Wednesday, April 15, 2009

The Nightmare of Seascape 1: Also Known As "UR DOIN IT RONG"

This is going to be a long entry, as it will involve construction notes and the like. If such things make your eyes glaze over, feel free to look at the pretty (and not so pretty pictures) and skip the text. :)

This is The Beast in question:

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I got a wild hair to do something totally creative and artistic and frivolous, so I thought "well hey, let's learn enamelling!". I bought an enamel kit and with the aid of my trusty PMC kilns, got down to work. This is, of course, when everything went South...

The first cock-up: Do not try any fancy-schmancy folding tricks with PMC.

I had originally intended to roll out a thin sheet and fold it, accordion-style, to create a neat rippled backdrop for the back of the piece. DO NOT DO THIS. This creates air pockets in the PMC that come out later as huge gaping holes in the piece, when the silver shrinks. D'oh.

I ended up camouflaging my mistake with lines scribed in the back, but it did not stop the aforementioned Grand Canyons of Fail from showing up. Hmmm. This necessitated enamelling the back of the piece as well, to fill the holes, something I had not intended to do.

The second cock-up: Enamelling the back of a huge piece of silver that was not intended to be enamelled is bad news bears.

Ping! Ping! Ping! If I never hear that sound again for the rest of my life I will be a happy woman. See, for those among the enamelling unitiated, enamel likes to crack. It will crack if there are impurities in your water or dust in your enamel, and it will crack if the working surface is not an ideal shape for enamelling onto (domed), and it will crack if the piece is cooled too quickly. I sifted. I fired. It cracked. I cleaned. I sifted. I fired. It cracked. I cleaned. Ad nauseum.

In fact, I full-cover sifted the back of the piece no less than eighteen times. Eighteen times! Finally, I gave up. At least the PMC Holes of Badness were filled, right? Oy. So the lesson here is that some things really don't want to be enamelled, particularly if they are the wrong shape and thickness.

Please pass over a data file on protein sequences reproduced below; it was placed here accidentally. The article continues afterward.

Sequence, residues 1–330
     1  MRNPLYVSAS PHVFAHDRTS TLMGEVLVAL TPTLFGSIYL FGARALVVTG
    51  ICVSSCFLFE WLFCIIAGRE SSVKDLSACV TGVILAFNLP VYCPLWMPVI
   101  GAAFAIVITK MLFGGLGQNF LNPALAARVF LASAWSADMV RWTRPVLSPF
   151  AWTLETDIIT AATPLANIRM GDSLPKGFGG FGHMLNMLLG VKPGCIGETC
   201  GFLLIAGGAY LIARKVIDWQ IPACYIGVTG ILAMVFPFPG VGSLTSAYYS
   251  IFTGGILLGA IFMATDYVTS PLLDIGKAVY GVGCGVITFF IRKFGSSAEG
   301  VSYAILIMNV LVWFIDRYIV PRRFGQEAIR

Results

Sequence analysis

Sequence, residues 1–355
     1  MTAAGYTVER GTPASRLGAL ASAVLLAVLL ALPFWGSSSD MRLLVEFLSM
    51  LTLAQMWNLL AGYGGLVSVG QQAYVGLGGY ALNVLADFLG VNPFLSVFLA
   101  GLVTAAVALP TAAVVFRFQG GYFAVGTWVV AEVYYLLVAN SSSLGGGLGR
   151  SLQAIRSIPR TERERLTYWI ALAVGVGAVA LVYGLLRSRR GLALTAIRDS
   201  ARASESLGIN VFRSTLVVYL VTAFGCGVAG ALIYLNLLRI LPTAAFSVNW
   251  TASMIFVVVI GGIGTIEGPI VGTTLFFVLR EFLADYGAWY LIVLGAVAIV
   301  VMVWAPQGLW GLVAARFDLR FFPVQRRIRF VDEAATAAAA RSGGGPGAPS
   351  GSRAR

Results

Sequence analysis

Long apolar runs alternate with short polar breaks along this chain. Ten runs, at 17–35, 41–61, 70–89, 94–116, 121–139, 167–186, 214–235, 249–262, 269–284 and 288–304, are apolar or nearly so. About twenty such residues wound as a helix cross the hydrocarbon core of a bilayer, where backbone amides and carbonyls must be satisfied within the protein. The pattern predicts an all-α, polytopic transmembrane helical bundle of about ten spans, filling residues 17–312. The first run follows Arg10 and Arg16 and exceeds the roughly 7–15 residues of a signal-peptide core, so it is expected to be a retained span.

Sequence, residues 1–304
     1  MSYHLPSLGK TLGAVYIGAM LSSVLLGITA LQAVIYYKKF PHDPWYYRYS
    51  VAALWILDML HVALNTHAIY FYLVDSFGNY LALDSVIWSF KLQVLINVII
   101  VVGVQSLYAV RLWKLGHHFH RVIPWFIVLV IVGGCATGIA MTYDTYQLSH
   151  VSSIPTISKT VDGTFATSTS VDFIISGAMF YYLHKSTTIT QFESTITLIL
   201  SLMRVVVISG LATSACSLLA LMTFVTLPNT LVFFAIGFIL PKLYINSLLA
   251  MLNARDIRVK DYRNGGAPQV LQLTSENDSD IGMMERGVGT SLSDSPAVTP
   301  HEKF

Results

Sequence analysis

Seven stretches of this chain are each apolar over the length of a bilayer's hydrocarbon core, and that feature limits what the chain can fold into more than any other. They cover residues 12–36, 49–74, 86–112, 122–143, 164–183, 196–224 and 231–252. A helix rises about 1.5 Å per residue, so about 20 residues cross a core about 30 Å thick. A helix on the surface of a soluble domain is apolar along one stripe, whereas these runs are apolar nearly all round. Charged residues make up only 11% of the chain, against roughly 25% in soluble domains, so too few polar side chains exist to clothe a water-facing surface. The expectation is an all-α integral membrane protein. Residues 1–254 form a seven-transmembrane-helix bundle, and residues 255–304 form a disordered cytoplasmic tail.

This is how the back ended up:

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Parts stayed enamelled. Parts didn't. It all got fired. Holes got filled. I ended up stoning the enamel down so it looked like beach glass. Not too shabby, all things considered.

I fired the ever loving heck of it at the end, which resulted in the fine silver of the PMC actually boiling up over the shibuichi coral... which brings me to the next part:

The third cock-up: Shibuichi does not like to be fired with fine silver.

I had cast the shibuichi (the pink-silver stuff at the bottom) myself, and it came out in this lovely coral shape, so I used that as a platform to work from. I cleaned and set the coral into the wet PMC and fired the whole thing. So far, so good, right? I did notice, though, that during the first firing the PMC really wanted to "creep" along the surface of the shibuichi in a fine skin. I figured I could take it off later. Um. Not so much.

After firing and firing and firing some more, especially the high temperatures of the flash at the end, the fine silver caught on the surface of the shibuichi actually balled itself into shot... tiny, tiny nodules of shot that fused hard. Um. It's a good thing this was a creative, freeform, underwater piece or I would have cried.

In the end, I actually like how the nodules look, definitely like coral! I'm not sure I could duplicate it if I tried. You can see the nodule effect, and the enamelling I floated throughout the front of the piece, here:

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Everything else was more or less not cock-up worthy. I bought a vintage coral necklace (I can not, ethically, support the harvesting of new coral at the expense of the reefs... so I purchase old stuff) and reamed out the tiny holes with a diamond bit.

I strung everything on 20g steel wire, to hold its shape. Oh! I guess there is another cock-up...

The fourth cock-up: 20g steel wire does not wire-wrap in any kind of pretty or decorative way, unless you are The Hulk.

So I used to bitch and moan about sterling silver being tough to wire-wrap. Ha! Double ha! A breeze by comparison. Wrapping the ends of this wire was an exercise in bruises, blood and frustration. In the end I did the best I could, but it's ugly (were this a piece for sale, I would cover the shitty wire-wrapping with an assortment of pretty jump rings for camouflage).

I had a piece of cuttlefish doodad lying around from my last run of Lovecraft jewellery, so I used that as a simple clasp:

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It's actually good and secure, given how heavy the necklace is and how stiff the wire is.

So anyway, this was it: Seascape 1, sterling and fine silver, peg-set cultured pearl, modified gypsy-set moonstone, enamel, coral, steel.

In 10 years, when I have more buff skills, I am going to make another one. :D In the meantime, I have the necklace to remind me of all the lessons this piece taught me... and an even more permanent souvenir:

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Just in case anybody wondered how hot kilns get... I didn't even feel that. It burned right down before I could say boo.

1 comment:

  1. ok, that is a worse nightmare than the one i had about witches being banned from the miss america pageant ;]
    seriously, that must have been an exercise in swearing-BUT the piece is friggin rad and everything looks intentional!